On Thursday, May 19th, the community gathered for a Ribbon Cutting ceremony near the Kearney Hike & Bike Trail to celebrate the completion of the Kearney Whitewater Project. Click here to view the Facebook live video of the ceremony.
This achievement wouldn’t have been possible without the dedication and commitment from the Kearney Whitewater Association, a non-profit organization dedicated to establishing a whitewater park and water trail in Kearney, Nebraska. The Association was formed in 2012 by a small group of local paddling enthusiasts who felt there was recreational potential in the local waterway. An executive board was formed for the Association and an agreement was signed with the Kearney Area Community Foundation to begin operating as one of their affiliates.
President and CEO of the Kearney Area Community Foundation, Judi Sickler, addressed the group as "Dreamers in the community that had a vision. Dreamers that want to make the community a better place to live and add something to our quality of life here in Kearney." She met the founders of the group in 2012 when they came into her office with the idea of the Kearney Whitewater Project.
On April 7th, water was released in the Kearney diversion canal that feeds Turkey Creek setting the project in full motion. With two man-made in stream water features, Kearney became the first such attraction built in the state of Nebraska.
City Councilman Randy Buschkoetter stated, “It’s amazing what can happen when nobody worries about who gets the credit.” The Councilman went on to say, “It doesn’t happen without the tremendous support that you see from the people standing to your right and to your left here at this event.”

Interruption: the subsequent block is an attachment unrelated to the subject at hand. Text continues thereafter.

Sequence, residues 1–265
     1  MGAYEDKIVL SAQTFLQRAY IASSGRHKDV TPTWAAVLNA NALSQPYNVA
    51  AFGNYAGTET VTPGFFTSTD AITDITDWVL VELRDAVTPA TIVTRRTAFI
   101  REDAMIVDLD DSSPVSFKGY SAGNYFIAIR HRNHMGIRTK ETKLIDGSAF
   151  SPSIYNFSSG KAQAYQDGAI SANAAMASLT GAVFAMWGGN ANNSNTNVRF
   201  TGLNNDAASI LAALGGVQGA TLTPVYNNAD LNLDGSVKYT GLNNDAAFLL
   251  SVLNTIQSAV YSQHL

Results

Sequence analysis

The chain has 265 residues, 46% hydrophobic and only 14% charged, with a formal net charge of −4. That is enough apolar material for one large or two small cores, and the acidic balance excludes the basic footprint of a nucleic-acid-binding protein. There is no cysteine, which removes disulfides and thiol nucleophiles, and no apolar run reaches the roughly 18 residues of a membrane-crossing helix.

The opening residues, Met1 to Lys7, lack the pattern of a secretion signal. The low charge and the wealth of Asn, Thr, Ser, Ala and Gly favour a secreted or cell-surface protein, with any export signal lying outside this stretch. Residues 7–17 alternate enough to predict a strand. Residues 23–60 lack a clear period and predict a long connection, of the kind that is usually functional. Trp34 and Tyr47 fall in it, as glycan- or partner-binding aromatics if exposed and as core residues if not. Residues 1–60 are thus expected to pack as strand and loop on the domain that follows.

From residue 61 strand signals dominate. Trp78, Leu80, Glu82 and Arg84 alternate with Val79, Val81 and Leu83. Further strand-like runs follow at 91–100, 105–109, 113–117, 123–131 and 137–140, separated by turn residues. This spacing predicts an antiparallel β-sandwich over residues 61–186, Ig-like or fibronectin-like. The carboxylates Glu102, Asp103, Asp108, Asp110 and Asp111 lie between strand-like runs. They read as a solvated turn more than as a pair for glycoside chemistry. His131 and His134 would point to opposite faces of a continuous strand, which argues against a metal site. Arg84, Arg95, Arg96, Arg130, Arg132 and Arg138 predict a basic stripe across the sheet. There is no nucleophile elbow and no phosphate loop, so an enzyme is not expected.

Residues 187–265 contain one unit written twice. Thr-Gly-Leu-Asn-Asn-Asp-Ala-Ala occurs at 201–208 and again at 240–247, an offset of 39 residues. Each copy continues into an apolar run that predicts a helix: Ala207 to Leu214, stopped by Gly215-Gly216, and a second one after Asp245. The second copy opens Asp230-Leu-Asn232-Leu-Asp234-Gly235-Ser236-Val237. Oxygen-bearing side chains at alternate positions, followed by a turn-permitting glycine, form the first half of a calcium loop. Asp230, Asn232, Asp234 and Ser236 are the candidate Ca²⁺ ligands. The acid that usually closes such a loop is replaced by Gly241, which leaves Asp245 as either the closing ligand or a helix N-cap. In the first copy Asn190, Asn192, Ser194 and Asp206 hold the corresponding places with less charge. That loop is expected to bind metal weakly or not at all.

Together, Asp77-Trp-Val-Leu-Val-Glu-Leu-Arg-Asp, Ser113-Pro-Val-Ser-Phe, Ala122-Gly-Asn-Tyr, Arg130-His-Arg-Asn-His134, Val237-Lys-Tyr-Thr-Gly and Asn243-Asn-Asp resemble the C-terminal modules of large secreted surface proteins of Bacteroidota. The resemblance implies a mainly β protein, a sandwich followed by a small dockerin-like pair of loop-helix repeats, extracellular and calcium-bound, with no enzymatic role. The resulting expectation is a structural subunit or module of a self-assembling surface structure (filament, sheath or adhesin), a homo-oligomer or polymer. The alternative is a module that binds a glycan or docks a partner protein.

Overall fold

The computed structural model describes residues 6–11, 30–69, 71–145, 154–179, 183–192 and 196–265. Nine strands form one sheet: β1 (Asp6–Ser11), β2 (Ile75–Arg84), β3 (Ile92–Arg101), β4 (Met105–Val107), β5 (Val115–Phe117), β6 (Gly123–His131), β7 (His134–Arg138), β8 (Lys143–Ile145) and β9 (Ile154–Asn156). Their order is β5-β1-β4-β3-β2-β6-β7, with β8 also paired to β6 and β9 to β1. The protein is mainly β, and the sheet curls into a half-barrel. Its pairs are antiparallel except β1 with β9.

Kevin Witte, member of the Kearney Park and Recreation Advisory Board and President of the Kearney Whitewater Association Board, explained how the idea first formed at people’s houses, in restaurants, and sketched on napkins; but over time, that vision started to take shape. “It’s really those public and private partnerships that make this kind of thing happen.” Witte stated.
Director, Bruce Karnatz, of the Kearney Whitewater Association, commemorated the support and encouragement from former Mayor and community advocate, Bruce Blankenship. He also recognized UNK graduate, Daniel Zavadil for the market study prepared on the economic impact a whitewater park would contribute. The conclusion of the research revealed that any development such as the Kearney Whitewater not only benefits the community and its quality of life, but also encourages travelers to stop and visit, stay in the lodging, eat at the restaurants, and spend money on other shopping, gas, or entertainment.
Karnatz shared some of the accomplishments since 2011 in effort to achieve their whitewater plans. Almost 20 tons of debris and trash has been removed from the canal, allowing clear passage. The KWA has grown their membership and averaged around 100 members per year. They financed a conceptual design contract with S2O Design & Engineering. Other activities and accomplishments can be seen on the Kearney Whitewater page. Karnatz called for an opportunity for KWA to work with the city and help keep the waters clean of garbage and debris.
Scott Hayden, Director of Kearney Parks and Recreation, mentioned the many great benefits to having a Whitewater Park including the exhilaration, adventure, gained confidence, socialization, enjoying the outdoors, as well as the solitude. Hayden said if you kayak all the way from Yanney Park, you could be floating down the canal and completely forget you’re in the middle of Kearney.